An additional drawback is the lack of an efficient tool for simulating the impact of the plan on the system and for identifying possible bottlenecks (so as to avoid undesired delays in the executions of the jobs or service disruptions due to resource shortages). Moreover, no support is available for evaluating the effects of any change to the plan on the performance of the system, before the plan is actually submitted.
It is an object of the present invention to provide a measuring index allowing an immediate and significant comparison of the work units in the plan.
It is another object of the present invention to support an efficient tuning of the definition of the plan.
It is yet another object of the present invention to allow choosing the proper distribution of the work units in the plan so as to optimize the consumption of the resources of the system.
Moreover, it is an object of the present invention to provide a support for balancing a workload of the system, in order to increase its overall performance.
It is another object of the present invention to allow simulating the impact of the plan on the system for identifying possible bottlenecks.
It is yet another object of the present invention to avoid (or at least reduce) any delay in the executions of the work units or service disruptions due to resource shortages.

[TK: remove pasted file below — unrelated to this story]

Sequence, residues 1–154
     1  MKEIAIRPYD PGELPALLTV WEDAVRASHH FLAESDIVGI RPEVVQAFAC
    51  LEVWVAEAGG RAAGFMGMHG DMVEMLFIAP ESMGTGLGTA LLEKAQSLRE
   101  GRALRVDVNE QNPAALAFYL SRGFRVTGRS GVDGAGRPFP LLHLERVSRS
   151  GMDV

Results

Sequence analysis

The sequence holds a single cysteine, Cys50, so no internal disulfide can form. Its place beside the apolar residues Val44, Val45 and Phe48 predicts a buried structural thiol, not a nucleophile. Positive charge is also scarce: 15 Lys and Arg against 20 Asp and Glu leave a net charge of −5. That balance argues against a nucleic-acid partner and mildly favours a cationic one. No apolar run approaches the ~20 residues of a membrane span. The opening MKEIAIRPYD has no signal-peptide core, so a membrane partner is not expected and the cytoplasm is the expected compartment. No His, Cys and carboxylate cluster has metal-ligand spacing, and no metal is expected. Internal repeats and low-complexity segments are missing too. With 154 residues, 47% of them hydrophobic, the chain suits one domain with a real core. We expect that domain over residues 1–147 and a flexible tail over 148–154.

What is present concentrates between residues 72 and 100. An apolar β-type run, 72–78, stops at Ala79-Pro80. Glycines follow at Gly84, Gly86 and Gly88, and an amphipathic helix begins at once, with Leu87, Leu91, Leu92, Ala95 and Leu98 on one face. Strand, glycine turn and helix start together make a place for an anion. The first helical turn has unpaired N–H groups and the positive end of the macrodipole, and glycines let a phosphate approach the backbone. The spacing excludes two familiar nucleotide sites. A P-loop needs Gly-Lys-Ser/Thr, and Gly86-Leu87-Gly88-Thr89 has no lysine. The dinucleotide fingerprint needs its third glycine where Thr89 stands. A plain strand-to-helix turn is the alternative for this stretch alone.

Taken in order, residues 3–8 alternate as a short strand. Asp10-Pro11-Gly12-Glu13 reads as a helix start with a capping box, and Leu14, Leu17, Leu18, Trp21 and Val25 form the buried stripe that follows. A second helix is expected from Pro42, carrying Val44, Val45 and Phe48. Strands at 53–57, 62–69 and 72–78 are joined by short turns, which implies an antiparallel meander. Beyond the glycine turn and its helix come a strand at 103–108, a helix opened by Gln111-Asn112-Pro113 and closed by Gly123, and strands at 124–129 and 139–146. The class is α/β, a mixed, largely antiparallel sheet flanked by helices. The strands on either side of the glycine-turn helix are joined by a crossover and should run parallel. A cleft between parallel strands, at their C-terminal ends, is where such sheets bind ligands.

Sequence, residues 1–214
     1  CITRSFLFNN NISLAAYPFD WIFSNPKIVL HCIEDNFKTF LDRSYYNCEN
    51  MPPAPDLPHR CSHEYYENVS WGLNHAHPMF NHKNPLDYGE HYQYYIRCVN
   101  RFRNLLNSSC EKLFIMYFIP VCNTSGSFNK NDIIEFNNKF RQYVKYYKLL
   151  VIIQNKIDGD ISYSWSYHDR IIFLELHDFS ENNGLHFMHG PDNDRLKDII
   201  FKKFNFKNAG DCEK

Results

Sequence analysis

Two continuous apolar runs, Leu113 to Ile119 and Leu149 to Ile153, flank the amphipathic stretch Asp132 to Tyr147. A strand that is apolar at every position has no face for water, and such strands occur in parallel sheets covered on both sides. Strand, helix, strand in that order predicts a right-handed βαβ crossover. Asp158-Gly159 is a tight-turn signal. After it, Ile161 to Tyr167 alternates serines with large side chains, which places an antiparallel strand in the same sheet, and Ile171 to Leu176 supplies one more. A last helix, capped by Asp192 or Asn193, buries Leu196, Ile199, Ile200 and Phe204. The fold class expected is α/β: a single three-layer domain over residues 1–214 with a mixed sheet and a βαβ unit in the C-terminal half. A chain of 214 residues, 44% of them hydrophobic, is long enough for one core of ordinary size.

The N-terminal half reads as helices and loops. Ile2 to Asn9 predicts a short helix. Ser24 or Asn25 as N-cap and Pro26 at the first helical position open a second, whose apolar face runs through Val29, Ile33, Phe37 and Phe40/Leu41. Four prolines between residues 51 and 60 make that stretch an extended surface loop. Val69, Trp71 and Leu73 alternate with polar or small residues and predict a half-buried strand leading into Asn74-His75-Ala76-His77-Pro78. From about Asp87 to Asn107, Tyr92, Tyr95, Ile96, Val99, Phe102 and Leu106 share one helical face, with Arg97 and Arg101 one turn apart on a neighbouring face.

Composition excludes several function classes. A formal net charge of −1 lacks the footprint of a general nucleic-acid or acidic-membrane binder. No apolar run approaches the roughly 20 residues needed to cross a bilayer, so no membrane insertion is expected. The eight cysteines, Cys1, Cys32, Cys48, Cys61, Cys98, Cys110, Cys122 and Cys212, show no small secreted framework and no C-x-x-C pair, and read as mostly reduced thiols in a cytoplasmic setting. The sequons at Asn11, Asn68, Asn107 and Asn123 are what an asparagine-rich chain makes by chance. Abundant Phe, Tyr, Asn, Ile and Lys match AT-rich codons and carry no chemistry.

Particularly, it is an object of the present invention to provide the possibility of evaluating the effects of any change to the plan on the performance of the system (before the plan is actually submitted).
The accomplishment of these and other related objects is achieved by a method of scheduling submission of work units for execution on a data processing system, the method including the steps of: estimating a plurality of attributes for each work unit, each attribute being indicative of the usage of a corresponding resource of the system by the work unit, combining the attributes of each work unit into a single cumulative index, the index being indicative of a total usage of the resources of the system by the work unit, defining a plan of execution of the work units for optimizing the total usage of the resources of the system according to the corresponding cumulative indexes, and submitting the work units of the plan.
The present invention also provides a computer program for performing the method and a product embodying the program. A corresponding structure for implementing the method is also encompassed.
The novel features believed to be characteristic of this invention are set forth in the appended claims. The invention itself, however, as well as these and other related objects and advantages thereof, will be best understood by reference to the following detailed description to be read in conjunction with the accompanying drawings.